Venezuela's state-owned Petroleos de Venezuela (PDVSA) announced it had set up a joint venture with Argentinean, Portuguese, US and Japanese firms to tap offshore natural gas fields.
The venture will develop an estimated 28.8 trillion cubic feet of known natural gas reserves in the off-shore Deltana platform and Paria Gulf, with marketing plans targeted to begin in 2014.
The 19.65 billion dollar project includes building two trains, or production units, for liquefied natural gas (LNG), each with a projected annual yield of 4.7 million tonnes, as well as offshore extraction and pumping facilities.
The mixed-capital joint venture brings together Venezuela's PDVSA, Portugal's Galp Energia, US Chevron and Global Technology Services, Argentina's Energia Argentina and Japan's Mitsubishi Corporation and Mitsui and Itochu Corporation.
PDVSA will have a 60 percent stake in the joint venture, the company said in a statement.
"We have all the companies' commitment to maintain the project, to make investments for the development of basic engineering, that we hope will be completed in 2009, for a total of 200 million dollars," said Energy Minister Rafael Ramirez in the statement.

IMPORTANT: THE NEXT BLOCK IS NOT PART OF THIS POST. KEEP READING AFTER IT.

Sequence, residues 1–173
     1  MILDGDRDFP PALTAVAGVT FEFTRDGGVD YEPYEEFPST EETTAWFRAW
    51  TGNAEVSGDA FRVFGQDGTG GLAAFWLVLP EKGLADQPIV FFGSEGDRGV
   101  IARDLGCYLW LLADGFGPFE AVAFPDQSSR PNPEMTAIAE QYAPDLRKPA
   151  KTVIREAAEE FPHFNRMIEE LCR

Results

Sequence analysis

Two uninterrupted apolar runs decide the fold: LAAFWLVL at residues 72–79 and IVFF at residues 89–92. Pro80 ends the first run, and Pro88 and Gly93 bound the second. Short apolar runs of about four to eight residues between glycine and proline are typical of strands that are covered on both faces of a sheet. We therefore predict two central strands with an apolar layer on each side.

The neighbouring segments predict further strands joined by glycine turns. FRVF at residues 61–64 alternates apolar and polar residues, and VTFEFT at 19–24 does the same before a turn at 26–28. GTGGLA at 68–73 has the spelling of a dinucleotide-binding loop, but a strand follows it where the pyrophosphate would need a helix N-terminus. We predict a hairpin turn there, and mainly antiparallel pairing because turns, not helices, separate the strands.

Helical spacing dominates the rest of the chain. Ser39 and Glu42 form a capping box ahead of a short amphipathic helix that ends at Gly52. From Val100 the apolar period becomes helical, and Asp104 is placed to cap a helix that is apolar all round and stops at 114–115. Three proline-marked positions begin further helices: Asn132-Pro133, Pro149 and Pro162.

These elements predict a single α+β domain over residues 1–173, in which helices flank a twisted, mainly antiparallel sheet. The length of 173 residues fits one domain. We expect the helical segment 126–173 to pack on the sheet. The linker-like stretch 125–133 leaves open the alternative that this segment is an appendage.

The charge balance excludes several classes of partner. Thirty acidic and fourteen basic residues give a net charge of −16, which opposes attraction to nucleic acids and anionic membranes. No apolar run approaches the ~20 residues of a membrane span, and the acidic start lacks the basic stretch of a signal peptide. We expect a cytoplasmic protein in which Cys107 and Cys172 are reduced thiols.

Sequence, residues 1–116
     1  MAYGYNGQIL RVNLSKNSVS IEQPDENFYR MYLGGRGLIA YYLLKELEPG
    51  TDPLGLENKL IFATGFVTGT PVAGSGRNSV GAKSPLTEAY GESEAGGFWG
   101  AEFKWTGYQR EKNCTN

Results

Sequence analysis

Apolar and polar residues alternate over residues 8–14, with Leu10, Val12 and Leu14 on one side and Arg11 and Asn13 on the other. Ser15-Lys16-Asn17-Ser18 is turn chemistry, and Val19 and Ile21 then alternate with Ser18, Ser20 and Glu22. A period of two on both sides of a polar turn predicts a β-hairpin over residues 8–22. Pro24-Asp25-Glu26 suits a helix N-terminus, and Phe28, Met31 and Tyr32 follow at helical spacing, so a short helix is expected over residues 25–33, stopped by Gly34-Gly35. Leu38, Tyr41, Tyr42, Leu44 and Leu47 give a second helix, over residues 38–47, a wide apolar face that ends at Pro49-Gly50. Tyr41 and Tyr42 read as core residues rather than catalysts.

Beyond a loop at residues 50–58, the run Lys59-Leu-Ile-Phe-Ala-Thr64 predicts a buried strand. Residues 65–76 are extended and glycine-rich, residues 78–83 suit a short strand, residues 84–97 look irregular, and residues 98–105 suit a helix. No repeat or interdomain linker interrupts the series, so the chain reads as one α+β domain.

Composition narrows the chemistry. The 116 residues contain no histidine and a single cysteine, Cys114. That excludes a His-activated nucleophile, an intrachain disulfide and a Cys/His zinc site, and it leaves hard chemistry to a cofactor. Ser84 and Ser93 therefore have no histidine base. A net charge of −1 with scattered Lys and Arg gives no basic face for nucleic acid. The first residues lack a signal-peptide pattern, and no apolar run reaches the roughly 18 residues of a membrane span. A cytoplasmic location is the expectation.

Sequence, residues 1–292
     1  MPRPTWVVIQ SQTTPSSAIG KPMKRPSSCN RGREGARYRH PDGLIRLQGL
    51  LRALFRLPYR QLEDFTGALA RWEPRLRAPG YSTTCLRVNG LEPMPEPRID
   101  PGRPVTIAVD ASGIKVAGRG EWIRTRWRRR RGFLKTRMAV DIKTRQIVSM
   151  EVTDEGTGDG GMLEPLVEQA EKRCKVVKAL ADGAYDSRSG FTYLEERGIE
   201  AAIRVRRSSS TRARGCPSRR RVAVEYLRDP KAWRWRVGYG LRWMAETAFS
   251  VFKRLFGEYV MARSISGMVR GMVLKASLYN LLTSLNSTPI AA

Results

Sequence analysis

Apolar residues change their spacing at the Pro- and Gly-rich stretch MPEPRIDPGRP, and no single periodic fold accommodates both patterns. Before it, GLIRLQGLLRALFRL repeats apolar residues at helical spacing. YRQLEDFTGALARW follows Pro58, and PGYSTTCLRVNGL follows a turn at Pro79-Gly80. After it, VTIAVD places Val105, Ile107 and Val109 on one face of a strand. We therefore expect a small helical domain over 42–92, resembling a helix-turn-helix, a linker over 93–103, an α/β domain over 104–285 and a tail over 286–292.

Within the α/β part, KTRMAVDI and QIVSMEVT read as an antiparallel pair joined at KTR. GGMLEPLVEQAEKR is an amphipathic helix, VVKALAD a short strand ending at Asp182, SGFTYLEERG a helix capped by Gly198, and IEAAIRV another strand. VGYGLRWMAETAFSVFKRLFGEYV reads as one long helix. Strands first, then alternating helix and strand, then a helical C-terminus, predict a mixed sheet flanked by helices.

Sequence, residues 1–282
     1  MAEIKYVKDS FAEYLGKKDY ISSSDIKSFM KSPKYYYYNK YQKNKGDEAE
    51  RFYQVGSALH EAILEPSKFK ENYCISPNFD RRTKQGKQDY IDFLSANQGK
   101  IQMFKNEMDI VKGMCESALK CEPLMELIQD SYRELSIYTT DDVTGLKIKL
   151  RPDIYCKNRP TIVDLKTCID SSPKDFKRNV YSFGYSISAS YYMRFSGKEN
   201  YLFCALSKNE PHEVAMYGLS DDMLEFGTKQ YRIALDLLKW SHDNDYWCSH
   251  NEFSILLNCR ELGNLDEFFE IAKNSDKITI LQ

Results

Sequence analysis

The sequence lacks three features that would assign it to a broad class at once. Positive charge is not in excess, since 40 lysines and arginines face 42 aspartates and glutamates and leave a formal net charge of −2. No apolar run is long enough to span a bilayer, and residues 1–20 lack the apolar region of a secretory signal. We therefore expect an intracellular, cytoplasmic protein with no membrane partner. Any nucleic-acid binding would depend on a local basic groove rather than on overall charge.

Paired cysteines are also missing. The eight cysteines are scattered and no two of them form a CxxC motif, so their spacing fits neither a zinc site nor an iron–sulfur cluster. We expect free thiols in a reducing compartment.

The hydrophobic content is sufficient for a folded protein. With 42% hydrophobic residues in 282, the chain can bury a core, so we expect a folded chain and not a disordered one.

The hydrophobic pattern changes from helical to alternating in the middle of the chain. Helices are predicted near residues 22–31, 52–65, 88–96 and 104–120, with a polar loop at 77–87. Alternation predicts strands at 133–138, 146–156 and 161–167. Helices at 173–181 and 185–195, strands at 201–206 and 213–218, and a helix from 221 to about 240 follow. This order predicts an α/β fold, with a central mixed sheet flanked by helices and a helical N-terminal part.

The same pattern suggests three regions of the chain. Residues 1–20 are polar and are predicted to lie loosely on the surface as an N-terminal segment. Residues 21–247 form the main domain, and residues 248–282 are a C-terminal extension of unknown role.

PDVSA vice president for exploration and production Eulogio del Pino said the initiative shows the "trust" placed in Venezuela, adding that it will "supply gas throughout the Caribbean, South America and premium markets in Europe and Southeast Asia."
The joint venture will be tasked with designing, building and operating the LNG trains, as well as the gas pipelines that will feed factories in the industrial complex Gran Mariscal de Ayacucho, at Guira, in the northeastern state of Sucre.
The project is part of Venezuelan President Hugo Chavez's strategy called the "Great National Gas Revolution" that aims to boost the country's natural gas production from 6.3 billion cubic feet per day in 2007, to 11.5 billion by 2012, the statement said.